A few weeks ago I received an email from Jenna at artsy.com, curious about why my Man of TIN blog post had turned up when she was researching web link opportunities for a new exhibition about American painter Andrew Wyeth (1917 – 2009).
Jenna emailed me with news of the new exhibition:
“I am reaching out to certain website and blog owners that publish content in line with our mission to make all the world’s art accessible to anyone. We hope to continue promoting arts education and accessibility with your help.”
The Seattle Art Museum is scheduled to exhibit Andrew Wyeth: In Retrospect, which showcases Andrew Wyeth https://www.artsy.net/show/seattle-art-museum-andrew-wyeth-in-retrospect
The Artsy Andrew Wyeth page provides visitors with Wyeth’s bio, over 40 of his works, exclusive articles, and up-to-date Wyeth exhibition listings. https://www.artsy.net/artist/andrew-wyeth
“I dream a lot. I do more painting when I’m not painting. It’s in the subconscious.”
This was a good chance to go back to my previous post on Andrew Wyeth, a painter of landscape and portraits, one of my favourite American painters
Since my last Wyeth post, I have noticed much more Wyeth material online and via YouTube.
Andrew Wyeth collected American dimestore and composition figures, shown here in this Youtube video.
New Wyeth material
There is interesting new photos of Andrew or Andy Wyeth by his granddaughter Victoria Browning Wyeth, http://gcma.org/victoria-wyeth-my-andy/
and several recent print or video interviews with her including about having her portrait painted by him.
The Brandywine School
Andrew Wyeth painted manly portraits and landscapes. His father was a historical illustrators, N.C. Wyeth, who worked with Howard Pyle and other painters of the Brandywine School and style.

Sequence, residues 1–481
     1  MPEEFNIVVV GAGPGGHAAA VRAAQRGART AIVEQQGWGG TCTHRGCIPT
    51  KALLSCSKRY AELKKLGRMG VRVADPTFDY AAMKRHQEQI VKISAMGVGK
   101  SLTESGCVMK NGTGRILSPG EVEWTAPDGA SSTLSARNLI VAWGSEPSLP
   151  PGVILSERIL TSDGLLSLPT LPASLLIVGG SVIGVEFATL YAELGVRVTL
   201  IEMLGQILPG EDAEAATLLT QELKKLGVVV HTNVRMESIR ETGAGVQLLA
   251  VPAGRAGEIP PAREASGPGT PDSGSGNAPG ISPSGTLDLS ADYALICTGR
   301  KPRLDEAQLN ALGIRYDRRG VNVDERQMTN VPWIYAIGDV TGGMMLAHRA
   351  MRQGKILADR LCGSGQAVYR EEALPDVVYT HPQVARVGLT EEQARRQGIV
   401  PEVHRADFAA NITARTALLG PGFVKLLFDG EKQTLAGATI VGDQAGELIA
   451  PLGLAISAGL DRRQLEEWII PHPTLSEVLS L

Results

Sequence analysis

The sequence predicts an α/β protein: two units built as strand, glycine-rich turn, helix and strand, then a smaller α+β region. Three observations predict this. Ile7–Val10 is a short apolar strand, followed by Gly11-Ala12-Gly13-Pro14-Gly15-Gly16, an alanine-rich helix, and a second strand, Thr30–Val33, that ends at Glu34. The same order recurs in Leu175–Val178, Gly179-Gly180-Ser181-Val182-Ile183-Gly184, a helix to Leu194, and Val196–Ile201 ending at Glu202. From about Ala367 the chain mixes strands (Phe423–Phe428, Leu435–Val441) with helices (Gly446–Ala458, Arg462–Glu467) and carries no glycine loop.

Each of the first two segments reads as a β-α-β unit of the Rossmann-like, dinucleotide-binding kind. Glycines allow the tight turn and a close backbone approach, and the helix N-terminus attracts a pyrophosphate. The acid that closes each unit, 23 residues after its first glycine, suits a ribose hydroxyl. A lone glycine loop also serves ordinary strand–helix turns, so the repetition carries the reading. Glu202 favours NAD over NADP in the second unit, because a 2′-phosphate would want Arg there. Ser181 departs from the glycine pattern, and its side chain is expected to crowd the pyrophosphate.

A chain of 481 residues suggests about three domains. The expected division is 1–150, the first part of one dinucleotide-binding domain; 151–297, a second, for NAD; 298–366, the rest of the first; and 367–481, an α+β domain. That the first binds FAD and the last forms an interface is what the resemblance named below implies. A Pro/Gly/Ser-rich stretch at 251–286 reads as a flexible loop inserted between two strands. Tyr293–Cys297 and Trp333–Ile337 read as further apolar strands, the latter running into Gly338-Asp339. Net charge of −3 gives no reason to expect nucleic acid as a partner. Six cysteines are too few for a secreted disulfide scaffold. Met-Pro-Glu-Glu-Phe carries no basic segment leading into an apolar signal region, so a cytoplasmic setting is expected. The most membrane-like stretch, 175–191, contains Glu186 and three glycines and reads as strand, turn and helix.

Recognise that name? Brandywine, where the Wyeth family are based, is the site of a famous Battle of Brandywine Creek in the American Revolutionary War on September 11, 1777 in Chadds Ford Township, Delaware County, Pennsylvania, USA.
Like many British boys growing up in the 1970s, I have had a passing interest in the Revolutionary War since having Airfix issued British and American infantry toy figures in 1:72 / 1:76 (OO / HO ‘model railway’) scale with their dramatic cover art, historical illustrations pictures that hopefully Howard Pyle and N.C. Wyeth would appreciate.
These Airfix box covers have some of the appeal of Howard Pyle’s famous Revolutionary War illustration Nation Makers.
So whilst I am unlikely to make it to Seattle or Brandywine any time soon to see the Wyeth exhibitions in his Centenary year, at least online I can catch a glimpse.
There you go, mixing Andrew Wyeth with Airfix in one blogpost, something that toy soldier collector Andrew Wyeth would have appreciated.
Blogposted by Mark, Man of TIN blogpost, 12 November 2017